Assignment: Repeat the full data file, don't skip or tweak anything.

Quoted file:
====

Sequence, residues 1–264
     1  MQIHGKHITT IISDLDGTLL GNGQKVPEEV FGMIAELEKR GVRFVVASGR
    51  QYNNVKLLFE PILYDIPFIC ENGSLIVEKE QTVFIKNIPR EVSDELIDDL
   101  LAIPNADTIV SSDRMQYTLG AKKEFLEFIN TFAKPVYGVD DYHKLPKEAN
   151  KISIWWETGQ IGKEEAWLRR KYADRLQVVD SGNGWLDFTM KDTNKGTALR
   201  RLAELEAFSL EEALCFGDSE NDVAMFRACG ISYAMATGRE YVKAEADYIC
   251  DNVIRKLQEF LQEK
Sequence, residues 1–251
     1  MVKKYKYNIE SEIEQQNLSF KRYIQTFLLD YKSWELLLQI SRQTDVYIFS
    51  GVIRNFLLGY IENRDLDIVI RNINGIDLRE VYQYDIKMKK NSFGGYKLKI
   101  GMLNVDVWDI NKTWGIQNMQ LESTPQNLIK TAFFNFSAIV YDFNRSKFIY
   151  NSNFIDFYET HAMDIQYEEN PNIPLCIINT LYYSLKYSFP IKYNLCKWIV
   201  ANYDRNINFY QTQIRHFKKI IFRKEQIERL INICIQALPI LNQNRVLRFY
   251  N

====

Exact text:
Sequence, residues 1–264
     1  MQIHGKHITT IISDLDGTLL GNGQKVPEEV FGMIAELEKR GVRFVVASGR
    51  QYNNVKLLFE PILYDIPFIC ENGSLIVEKE QTVFIKNIPR EVSDELIDDL
   101  LAIPNADTIV SSDRMQYTLG AKKEFLEFIN TFAKPVYGVD DYHKLPKEAN
   151  KISIWWETGQ IGKEEAWLRR KYADRLQVVD SGNGWLDFTM KDTNKGTALR
   201  RLAELEAFSL EEALCFGDSE NDVAMFRACG ISYAMATGRE YVKAEADYIC
   251  DNVIRKLQEF LQEK
Sequence, residues 1–251
     1  MVKKYKYNIE SEIEQQNLSF KRYIQTFLLD YKSWELLLQI SRQTDVYIFS
    51  GVIRNFLLGY IENRDLDIVI RNINGIDLRE VYQYDIKMKK NSFGGYKLKI
   101  GMLNVDVWDI NKTWGIQNMQ LESTPQNLIK TAFFNFSAIV YDFNRSKFIY
   151  NSNFIDFYET HAMDIQYEEN PNIPLCIINT LYYSLKYSFP IKYNLCKWIV
   201  ANYDRNINFY QTQIRHFKKI IFRKEQIERL INICIQALPI LNQNRVLRFY
   251  N